Radial engine exhaust systems?

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cluttonfred

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Does anyone know of any resources and/or can anyone share any principles specific to radial engine exhaust system design? I am still thinking about a VP-2 with a 60 hp Verner 5V and wondering about exhaust options. Stub exhausts vs. partial ring vs. full ring? Orientation of individual pipes into ring? Sizing of outlet(s)? Thanks!
 

dog

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Does anyone know of any resources and/or can anyone share any principles specific to radial engine exhaust system design? I am still thinking about a VP-2 with a 60 hp Verner 5V and wondering about exhaust options. Stub exhausts vs. partial ring vs. full ring? Orientation of individual pipes into ring? Sizing of outlet(s)? Thanks!

Getting the thing to hold together is going to be the biggest challenge after getting it to fit.
Any basic info on "header"design will give you something that will serve.Searching under the 300
series alloys used will lead to the few suppliers of tubing and sheet plus the custom aircraft exhaust builders themselves.
Just an idea:mig something up out of mild steel and whatever and if it works,tig it in 309 stainless
 

cluttonfred

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Thanks, guys, but what I am hoping for is finding some 1930s basics (or more modern sources likely quoting older ones) about how to do radial exhausts. I'll keep looking....
 

TFF

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Stub stacks is probably the only way if you can not find a off the shelf ring. Stub would be my pick off the bat. The old chug chug sound. A ring is going to sound WW2ish. Power drone sound. Building your own ring ain’t gonna happen. Paying for a custom one ain’t gonna happen. The average home builder can do stubbs. Rings are for the people who can build Oshkosh champions. Most of them would farm it out.
 

cluttonfred

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I agree that stub exhausts are easier, but the ring exhausts I have heard in person and in videos sounded pretty great to me. Could be something to add later....
 

galapoola

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Find someone with one of these, shouldn't be too hard. Have them make you a ring the size you want. The fun part will be figuring out connectors from the jugs to the ring. It appears a Rotec ring is made up of sections, may start as one piece and cut up into a manageable size for fabrication.


 

PMD

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Just a comment or two from someone who once made a LOT of airboat exhaust systems: The Rotec exhaust looks pretty, but I expect there are a LOT of scavenging issues due to the constant cross section of relatively small collector ring. If you look at many of the legacy round engines, you will notice that the entry angle of individual primary tubes are quite "directional" and the collector ring cross section increases as each primary merges with the ring. No chance of accousticly "tuning" in such an arrangement, but no sense in introducing all kinds of restrictions to flow and possible harmonic interference with timing of pulses in individual primaries.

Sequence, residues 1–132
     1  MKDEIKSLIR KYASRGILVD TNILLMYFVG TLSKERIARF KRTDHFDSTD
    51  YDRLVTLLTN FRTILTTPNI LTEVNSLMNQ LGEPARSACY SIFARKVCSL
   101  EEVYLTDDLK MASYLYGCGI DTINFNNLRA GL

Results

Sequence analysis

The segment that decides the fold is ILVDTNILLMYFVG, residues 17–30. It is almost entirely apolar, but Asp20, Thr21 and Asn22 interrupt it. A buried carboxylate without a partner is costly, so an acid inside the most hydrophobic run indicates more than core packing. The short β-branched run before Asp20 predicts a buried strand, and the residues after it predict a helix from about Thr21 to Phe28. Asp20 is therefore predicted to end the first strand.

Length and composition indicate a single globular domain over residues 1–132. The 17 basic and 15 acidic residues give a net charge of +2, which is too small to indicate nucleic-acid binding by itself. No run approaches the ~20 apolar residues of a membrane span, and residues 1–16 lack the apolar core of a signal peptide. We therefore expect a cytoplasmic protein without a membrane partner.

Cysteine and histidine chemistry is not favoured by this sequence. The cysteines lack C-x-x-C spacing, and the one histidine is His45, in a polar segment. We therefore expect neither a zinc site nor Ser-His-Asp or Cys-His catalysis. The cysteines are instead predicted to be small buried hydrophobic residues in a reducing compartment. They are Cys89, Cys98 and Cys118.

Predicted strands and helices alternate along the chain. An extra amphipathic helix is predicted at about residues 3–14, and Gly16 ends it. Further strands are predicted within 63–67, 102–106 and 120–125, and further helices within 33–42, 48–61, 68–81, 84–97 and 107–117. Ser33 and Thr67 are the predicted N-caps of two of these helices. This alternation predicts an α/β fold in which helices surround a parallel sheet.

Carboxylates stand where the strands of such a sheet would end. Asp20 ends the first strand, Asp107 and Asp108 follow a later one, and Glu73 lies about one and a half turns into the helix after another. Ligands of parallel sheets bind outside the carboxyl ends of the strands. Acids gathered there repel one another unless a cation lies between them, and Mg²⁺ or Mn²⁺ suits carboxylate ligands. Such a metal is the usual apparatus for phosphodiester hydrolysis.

Another issue: rolling or in any other way forming thin wall tubing is EXTREMELY difficult. If you have a mandrel bender available it is quite a bit better, but if you think you are going to roll or press anything less than 16 gauge (usually 0.065) without SEVERE distortion, think again. I have been able to do 20 gauge (0.035) ERW to 4" centerline radius with a rolling die bender packing the tube with grit for a "mandrel" to keep it from collapsing, but many times I would end up on the floor along with a bunch of nickel slag when the tube would burst. Anything is possible, but when it comes to very thin wall stuff, bending is very much an art form. Notice that a lot of 2 cycle production exhausts (and many radial engine rings) are actually formed from flat sheet and seam welded together. A LOT of tooling needed for that, or a heck of a lot of fabricating skill. Now up that from mild steel ERW to seamless 321 stainless or 601 or 625 Inconel and you can see the challenges coming. My advice is to use as much OTC mandrel bent part as possible (primaries) and think hard on how you are going to do the ring, tailpipe (and possibly augmentor tubes). Also look at some WWII era radials (earlier ones did NOT have effective exhaust scavenging) for inspiration.
 
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dog

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I looked at the pictures of the rotec exhaust and thought that since each section is joined with an
expansion joint fabricating the ring from sheet and tube for the stubs and joints,it would be possible to get a similar result with no bender,provided that the stubs could come strait out or at an angle.
 

ScaleBirdsScott

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I'm in the process of planning fixtures for a 5-cylinder exhaust for our 5Si. Having faced some of these issues already, but also not looking for anything super advanced. I had found a local source for tube rolling and already have boxes of made-to-order elbows that we've been putting into some 9-cylinder exhaust rings, and a stainless welder who doesn't balk at our needs. So once I have the new fixture cut I'll be ordering some rings made since its not cost effective to just get one, so might have a few extra raw rolled rings if someone needs one for a custom setup.